Contrary to a plain façade, the undulating structure of the interior central atrium is continued on the exterior as well. The wide openings created in places on the façade not only reflect the aesthetic concerns but also reflect the active use of the interior to the outside and provide environmental control in the interior.

Reviewing the urban context of its location, the 41 Cooper Square building stands out with its sculptural façade and gains an iconic image. The building resonates with light, shadow, and transparency. The operable stainless steel skin of the building allows controlled lighting and heating for the interior.

The 41 Cooper Square building holds a Platinum LEED certificate with advanced green initiatives. It is the first of its kind in New York City. Various efficient design decisions can be listed in the background of this certificate. The operable perforated stainless steel panels of the building’s skin allow it to reduce heating during summer and create insulation during winter.

The energy-efficient radiant heating and cooling system contribute to energy saving. Natural lighting benefits are being used for seventy-five percent of the building. The full-height atrium allows a beneficial amount of lighting and air circulation. Rainwater is harvested and reused through the green roof which also helps heat insulation. Flexibly designed laboratories, studios, and classrooms allow future use scenarios which help the building’s sustainability through different functional possibilities.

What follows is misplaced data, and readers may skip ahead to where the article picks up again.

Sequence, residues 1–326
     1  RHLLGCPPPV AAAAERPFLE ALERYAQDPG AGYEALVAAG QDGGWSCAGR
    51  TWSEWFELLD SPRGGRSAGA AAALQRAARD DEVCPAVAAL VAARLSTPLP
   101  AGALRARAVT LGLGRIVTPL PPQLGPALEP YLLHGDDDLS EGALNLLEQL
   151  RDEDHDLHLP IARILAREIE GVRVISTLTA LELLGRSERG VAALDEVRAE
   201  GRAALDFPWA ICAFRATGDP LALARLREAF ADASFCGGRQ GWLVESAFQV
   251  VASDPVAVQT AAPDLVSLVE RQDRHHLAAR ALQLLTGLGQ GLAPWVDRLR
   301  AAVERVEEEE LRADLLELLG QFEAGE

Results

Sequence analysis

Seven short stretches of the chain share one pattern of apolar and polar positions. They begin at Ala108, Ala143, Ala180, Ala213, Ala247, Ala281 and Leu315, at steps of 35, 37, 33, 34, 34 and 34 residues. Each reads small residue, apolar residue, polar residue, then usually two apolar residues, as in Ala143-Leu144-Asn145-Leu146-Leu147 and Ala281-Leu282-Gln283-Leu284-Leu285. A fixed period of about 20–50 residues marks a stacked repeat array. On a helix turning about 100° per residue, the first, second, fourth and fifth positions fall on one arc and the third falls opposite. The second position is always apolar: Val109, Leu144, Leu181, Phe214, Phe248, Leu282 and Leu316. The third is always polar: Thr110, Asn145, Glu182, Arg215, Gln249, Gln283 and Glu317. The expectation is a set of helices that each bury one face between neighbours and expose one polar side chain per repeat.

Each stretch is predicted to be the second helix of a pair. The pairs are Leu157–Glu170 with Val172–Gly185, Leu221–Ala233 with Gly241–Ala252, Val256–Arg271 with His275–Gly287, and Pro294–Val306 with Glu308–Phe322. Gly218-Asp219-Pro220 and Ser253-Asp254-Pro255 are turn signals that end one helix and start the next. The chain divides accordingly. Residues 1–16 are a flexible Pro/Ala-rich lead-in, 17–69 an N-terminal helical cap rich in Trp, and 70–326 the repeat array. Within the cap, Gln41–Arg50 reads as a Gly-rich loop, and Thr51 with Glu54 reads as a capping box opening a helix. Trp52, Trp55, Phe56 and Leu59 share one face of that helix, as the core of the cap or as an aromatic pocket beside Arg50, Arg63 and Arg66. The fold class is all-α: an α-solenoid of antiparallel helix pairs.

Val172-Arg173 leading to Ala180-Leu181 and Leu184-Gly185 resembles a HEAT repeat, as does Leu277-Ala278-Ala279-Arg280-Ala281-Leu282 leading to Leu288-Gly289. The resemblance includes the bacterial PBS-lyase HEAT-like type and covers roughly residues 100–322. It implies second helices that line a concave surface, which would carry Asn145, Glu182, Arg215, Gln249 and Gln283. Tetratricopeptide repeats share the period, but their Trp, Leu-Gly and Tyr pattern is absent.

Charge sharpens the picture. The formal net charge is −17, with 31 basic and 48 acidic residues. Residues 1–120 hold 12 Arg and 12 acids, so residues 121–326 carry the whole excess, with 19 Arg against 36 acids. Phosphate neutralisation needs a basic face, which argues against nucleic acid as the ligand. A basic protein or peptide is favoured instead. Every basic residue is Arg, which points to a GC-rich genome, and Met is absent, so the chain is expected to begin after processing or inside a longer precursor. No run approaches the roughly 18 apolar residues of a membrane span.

Project Info

Architect: Morphosis Architects
Client: The Cooper Union for the Advancement of Science and Art
Area: 16,258 m²
Design Director: Thom Mayne
Project Manager: Silvia Kuhle
Project Architect: Pavel Getov
Job Captain: Jean Oei
Lead Designer: Chandler Ahrens
Project Designer: Goo-Woon Seo, Natalia Traverso Caruana
Project Team: Irena Bedenikovic, Salvador Hidalgo, Marcin Kurdziel, Debbie Lin, Kristina Loock
Project Assistant: Sean Anderson, Charles Austin, Dominique Cheng, Guiomar Contreras, Ben Damron, Patrick Dunn-Baker, Graham Ferrier, Mauricio Gomez, Brock Hinze, Eui Yeob Jeong, Mark Johnson, Jennifer Kasick, Amy Kwok, Michelle Siu Lee, Shannon Loew, Mark McPhie, Greg Neudorf, Mike Patterson, Michael Sargent, Reinhard Schmoelzer, Christin To
Associate Architect: Gruzen Samton, LLP
Structural Engineer: John A. Martin & Associates, Goldstein Associates, PLLC
Project Management / Owner’s Representative: Jonathan Rose Companies, LLC.
Mechanical Electrical Plumbing Engineer: IBE Consulting Engineers, Syska Hennessy Group Inc
Construction Manager: F.J. Sciame Construction Co., Inc.
Façade Consultant: Gordon H. Smith Corporation
Civil Engineer: Langan Engineering and Environmental Services
Geotechnical Consultant: Mueser Rutledge Consulting Engineers
Façade Construction: A. Zahner Company
Sustainable Design: Davis Langdon
Graphics: Pentagram Design
Lighting Designer: Horton Lees Brogden Lighting Design, Inc.
Landscape: Mathews Nielsen Landscape Architects, PC
Acoustic Engineer: Martin Newson & Associates, LLC
Photography: Iwan Baan